aush February 2016

Is it a bug to discard passed rest-props to a React component?

I'm developing my wrapper over flexbox in react: https://github.com/aush/react-stack. I have a top level component that creates a container div and sets flex properties to it and also I map over it's children and set flex properties to them (I don't create additional wrapper divs for children, just set flex properties directly to them). And it's works flawlessly except one case.

My component, stripped down:

export default ({ someprops, style, children, ...rest }) => 
  <div style={{ ...style, ...flexContainerStyle }} {...rest}>
  {
    React.Children.map(children, (child, i) =>
      React.cloneElement(child, 
        { key: i, style: { ...child.props.style, ...flexItemStyle } }))
  }
  </div>;

Consider this simple example, when all children are just standard divs:

codepen example 1

  ReactDOM.render(
    <Horizontal>
      <div className="box1">1</div>
      <div className="box2">2</div>
      <Vertical>
        <div className="box3">3</div>
        <Horizontal grow={1}>
          <div className="box4" align={'end'}>4</div>
          <div className="box5" align={'end'}>5</div>
          <div className="box6" align={'end'}>6</div>
        </Horizontal>
      </Vertical>
    </Horizontal>,
    document.getElementById('app')
  );

Now, let's say I have these two react components: BuggedComponent and NotBuggedComponent and put them as children:

codepen example 2

  const BuggedComponent = ({ children }) =>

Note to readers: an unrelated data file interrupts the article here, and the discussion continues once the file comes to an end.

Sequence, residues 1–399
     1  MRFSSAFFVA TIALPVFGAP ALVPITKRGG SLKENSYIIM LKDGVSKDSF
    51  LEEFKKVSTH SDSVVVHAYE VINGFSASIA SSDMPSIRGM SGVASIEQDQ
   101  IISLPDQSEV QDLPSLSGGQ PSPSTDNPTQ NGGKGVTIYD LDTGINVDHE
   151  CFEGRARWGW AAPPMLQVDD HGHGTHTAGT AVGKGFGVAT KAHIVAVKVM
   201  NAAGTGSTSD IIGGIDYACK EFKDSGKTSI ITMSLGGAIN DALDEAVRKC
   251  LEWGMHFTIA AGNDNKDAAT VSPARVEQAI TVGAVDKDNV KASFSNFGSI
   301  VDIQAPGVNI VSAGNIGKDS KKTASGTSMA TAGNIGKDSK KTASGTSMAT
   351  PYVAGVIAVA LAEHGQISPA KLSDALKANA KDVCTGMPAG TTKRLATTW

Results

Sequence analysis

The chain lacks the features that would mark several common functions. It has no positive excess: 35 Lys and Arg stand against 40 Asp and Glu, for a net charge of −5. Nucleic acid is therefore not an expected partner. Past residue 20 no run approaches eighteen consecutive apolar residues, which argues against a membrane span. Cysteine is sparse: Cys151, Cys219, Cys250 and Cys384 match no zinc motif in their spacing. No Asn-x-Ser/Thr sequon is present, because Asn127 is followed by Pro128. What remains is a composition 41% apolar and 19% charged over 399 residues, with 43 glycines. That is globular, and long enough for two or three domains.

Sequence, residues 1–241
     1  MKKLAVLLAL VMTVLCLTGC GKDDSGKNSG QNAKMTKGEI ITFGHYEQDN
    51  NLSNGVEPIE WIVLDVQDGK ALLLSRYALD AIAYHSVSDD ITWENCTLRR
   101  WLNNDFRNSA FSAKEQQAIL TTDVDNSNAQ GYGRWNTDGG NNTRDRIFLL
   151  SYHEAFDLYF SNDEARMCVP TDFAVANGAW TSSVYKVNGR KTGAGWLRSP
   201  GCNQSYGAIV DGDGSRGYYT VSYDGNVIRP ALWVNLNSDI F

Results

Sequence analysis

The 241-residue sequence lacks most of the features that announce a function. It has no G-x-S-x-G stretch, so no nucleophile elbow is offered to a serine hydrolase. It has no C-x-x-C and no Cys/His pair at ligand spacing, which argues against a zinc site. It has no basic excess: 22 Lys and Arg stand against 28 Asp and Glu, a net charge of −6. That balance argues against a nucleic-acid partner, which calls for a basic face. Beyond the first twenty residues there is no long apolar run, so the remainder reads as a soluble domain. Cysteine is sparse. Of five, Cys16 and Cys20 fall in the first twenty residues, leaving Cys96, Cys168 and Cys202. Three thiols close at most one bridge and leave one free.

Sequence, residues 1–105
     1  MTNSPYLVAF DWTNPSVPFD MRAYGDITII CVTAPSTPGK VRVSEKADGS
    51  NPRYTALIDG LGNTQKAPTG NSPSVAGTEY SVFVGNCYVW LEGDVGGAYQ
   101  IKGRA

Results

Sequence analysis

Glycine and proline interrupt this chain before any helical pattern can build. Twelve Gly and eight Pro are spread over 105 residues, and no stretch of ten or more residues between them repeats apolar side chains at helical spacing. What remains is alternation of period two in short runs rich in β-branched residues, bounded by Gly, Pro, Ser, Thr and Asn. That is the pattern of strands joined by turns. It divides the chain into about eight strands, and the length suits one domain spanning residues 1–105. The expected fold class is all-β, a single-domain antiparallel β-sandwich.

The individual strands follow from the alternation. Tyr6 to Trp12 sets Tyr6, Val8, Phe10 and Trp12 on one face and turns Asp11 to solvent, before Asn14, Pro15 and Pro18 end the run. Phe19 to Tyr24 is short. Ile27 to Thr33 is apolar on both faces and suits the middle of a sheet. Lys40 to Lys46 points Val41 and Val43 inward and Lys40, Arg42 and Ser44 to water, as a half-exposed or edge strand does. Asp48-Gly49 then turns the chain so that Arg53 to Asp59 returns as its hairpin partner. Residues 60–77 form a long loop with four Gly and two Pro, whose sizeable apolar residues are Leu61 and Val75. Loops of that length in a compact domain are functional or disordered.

<div className="box5">{children}</div>;
  const NotBuggedComponent = ({ children, ...rest }) => 
        

Answers


HazardouS February 2016

It comes down to how much control over own child components does the dev intends to hand out to the consumers. In this case the BuggedComponent is generating a child div and it makes sense for it to pass on the rest properties to it. However, if the child would have been a more complex control where allowing arbitrary attributes does not make sense, there won't be a need for passing them down. Yours is a very specific case where you need absolute control over what class the child control has, but this may not be true in a general scenario. A good example is the very popular material-ui library, if you look at any complex control, it minutely controls the allowed props and almost never passes them down. It could make keeping inner-markup change-proof very difficult, apart from the simplest of cases.

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Asked in February 2016
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